UPDATE: Just came across this from the The Washington Post. Mark Zuckerberg - From Facebook, answering privacy concerns with new settings. He says some very nice things, but I just don't think they can create a service that allows the users to opt out of info sharing and remain free.
Here's his key points:
- You have control over how your information is shared.
- We do not share your personal information with people or services you don't want.
- We do not give advertisers access to your personal information.
- We do not and never will sell any of your information to anyone.
- We will always keep Facebook a free service for everyone.
I guess time will tell if Facebook can deliver everything it promises.
Do people not realize that companies have been gathering information about them and selling that information to other companies this for years? When I worked for the Arts Council back in Orlando in the mid-80's, I would call a list broker and tell them what I was looking for and they would get it for me. If I needed people making over $100K/year, who lived in a certain zip code and who attended the symphony and I'd get a list.
I wrote this in 2001 piece called "The Real Privacy Issue:"
See, I think we're dealing with the wrong question. While we certainly need to protect privacy online, I think that we should be focusing our efforts on how can we bring a value to the consumer that translates into a better online experience? What will make the consumer feel as though everyone just called their name when they walked in? How can we create an experience where the owner comes out to greet each visitor and thanks them for being there, while pointing out that they know what the consumer likes?
Right now, we all know that the focus of gathering information from the consumer online is for our value, not their's. Sure, we pretend it's for them, but everyone knows better. Is it really a consumer value proposition that we can give them targeted ads? Is getting unsolicited e-mails about products that are similar to something they've purchased a value proposition for the consumer? No, of course not. It's a value proposition for us. If you look at how we generate revenue online, how much of it comes from the gathering, use and sale of consumer information?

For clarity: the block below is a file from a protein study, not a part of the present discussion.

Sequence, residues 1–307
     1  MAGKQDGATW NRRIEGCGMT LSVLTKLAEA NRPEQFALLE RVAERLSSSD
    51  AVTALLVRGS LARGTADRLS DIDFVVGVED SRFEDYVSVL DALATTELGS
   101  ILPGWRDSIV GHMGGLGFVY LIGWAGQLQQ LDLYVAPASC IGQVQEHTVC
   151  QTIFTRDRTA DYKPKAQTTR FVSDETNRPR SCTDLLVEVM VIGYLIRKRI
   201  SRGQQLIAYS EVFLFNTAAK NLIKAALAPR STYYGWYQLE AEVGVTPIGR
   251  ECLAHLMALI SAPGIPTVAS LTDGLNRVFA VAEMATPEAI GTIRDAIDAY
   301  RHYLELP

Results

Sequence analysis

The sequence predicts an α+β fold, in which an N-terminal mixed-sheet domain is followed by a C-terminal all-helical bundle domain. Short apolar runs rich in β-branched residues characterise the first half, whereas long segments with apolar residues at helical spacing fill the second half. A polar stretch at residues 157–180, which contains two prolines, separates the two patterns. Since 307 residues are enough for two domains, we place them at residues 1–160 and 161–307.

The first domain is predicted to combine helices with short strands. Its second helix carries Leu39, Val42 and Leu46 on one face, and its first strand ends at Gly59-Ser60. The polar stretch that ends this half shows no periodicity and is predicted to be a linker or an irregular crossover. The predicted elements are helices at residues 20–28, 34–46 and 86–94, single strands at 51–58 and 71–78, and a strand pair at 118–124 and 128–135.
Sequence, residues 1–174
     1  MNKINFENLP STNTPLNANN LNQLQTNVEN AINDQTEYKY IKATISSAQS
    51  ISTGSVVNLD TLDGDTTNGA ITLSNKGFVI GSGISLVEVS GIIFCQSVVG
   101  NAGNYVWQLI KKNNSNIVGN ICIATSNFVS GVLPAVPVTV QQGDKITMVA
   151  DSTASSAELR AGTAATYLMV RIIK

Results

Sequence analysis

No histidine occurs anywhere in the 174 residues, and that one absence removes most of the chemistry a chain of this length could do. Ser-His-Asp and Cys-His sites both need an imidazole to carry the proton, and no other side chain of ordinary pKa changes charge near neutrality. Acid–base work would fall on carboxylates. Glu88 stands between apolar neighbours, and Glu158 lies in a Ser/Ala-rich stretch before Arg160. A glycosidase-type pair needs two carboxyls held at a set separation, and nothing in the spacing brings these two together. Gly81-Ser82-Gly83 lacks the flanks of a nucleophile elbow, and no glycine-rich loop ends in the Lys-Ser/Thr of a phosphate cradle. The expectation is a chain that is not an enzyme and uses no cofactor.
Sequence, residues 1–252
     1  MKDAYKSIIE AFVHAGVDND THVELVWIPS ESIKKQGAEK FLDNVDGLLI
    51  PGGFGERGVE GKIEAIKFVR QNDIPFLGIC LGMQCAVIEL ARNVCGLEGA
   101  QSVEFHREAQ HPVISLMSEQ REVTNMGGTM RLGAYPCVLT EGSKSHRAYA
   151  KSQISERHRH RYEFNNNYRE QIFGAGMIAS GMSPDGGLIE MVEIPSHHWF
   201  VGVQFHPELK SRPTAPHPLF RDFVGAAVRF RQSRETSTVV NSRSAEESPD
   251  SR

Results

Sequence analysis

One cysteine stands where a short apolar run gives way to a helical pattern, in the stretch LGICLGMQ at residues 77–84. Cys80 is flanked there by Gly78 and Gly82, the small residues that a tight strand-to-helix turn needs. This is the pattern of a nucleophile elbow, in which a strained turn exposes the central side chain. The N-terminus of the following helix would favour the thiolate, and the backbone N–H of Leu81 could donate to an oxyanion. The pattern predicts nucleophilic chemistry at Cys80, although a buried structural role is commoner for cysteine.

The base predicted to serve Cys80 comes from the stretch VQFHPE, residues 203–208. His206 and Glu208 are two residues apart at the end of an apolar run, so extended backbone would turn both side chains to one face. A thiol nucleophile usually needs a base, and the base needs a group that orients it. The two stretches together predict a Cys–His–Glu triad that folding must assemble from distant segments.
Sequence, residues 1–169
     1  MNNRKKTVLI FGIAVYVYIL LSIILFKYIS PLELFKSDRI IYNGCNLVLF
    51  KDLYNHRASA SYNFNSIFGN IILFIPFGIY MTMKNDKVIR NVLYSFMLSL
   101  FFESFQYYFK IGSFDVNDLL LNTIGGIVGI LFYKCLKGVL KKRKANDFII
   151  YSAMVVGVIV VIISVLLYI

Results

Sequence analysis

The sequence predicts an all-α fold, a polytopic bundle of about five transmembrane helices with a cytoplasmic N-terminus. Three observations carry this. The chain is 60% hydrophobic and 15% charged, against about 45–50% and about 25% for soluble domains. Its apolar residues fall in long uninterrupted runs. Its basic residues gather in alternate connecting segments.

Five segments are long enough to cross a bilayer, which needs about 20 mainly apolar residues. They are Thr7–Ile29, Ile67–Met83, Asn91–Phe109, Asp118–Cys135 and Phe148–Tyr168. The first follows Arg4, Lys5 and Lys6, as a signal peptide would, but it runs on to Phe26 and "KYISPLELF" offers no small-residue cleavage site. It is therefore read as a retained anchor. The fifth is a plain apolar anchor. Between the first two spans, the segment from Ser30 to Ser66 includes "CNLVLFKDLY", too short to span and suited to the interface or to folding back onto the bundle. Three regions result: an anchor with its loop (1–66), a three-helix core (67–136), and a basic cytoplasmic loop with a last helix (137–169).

For decades credit card companies and others have been tracking and compiling information about where we go and what we buy. Use your loyalty card when you shop and there's another level of information that's collected and compiled about you. And maybe it's just been happening so long that we don't think about it any more, but they've been selling that information for years. Remember, I was buying it back in the mid-80's. What's really interesting about this issue is that we actually pay for the service of credit cards and yet we still allow them to sell our data. Not hearing many calls to boycott Mastercard or Visa. Well, not for selling our data at any rate.
And I know that we've gotten really used to be business model of free, but I don't think it's sustainable. Eventually, the business model of free runs up against the business model of I have to pay my rent. Things have to be paid for. So, either sites like Facebook will need to move to a subscription model or they're going to need to make money by selling advertising. They can't support themselves by giving away a service to 400 million people for free.
There certainly seems to be a generational divide on the issue of privacy. During a presentation at my daughters school about school supplied computers, one of the 6th graders remarked that there really wasn't privacy any more, so why worry about it. Had a great discussion 2 years ago at SXSW about whether it was a generational thing or where you were in life. The same 6th grader who says privacy doesn't matter today might be a 40 year old in the future who is concerned.
To a great extent, this free issue was created probably 15 - 20 years ago, when the internet was in its infancy and frankly most content providers didn't see the internet as a viable delivery tool. They were thinking was what the hell, for the 10 people who use the internet, sure, we'll give our stuff away for free. They didn't have the foresight to see what the future could hold and once you start to give things away for free, it's pretty hard to stop.
There's an old expression that there's no such things as a free lunch and that's still true today. Are you willing to pay for Facebook? Can we really keep expecting online companies to give away their product forever? Eventually, someone has to pay for that lunch.
So I'm torn right now. I'm not willing to pay for Facebook and that means I have to be willing to give them a revenue path somewhere else. If Facebook offered a paid version where all of your data was kept away from advertisers, would you do that? If so, how much would you pay for that?
I'm not really sure we can continue to complain about lack of privacy when we're unwilling to pay for the service. So maybe that's the solution for Facebook. Give people the option of paying and see how people react then.
Image source: Archie McPhee Seattle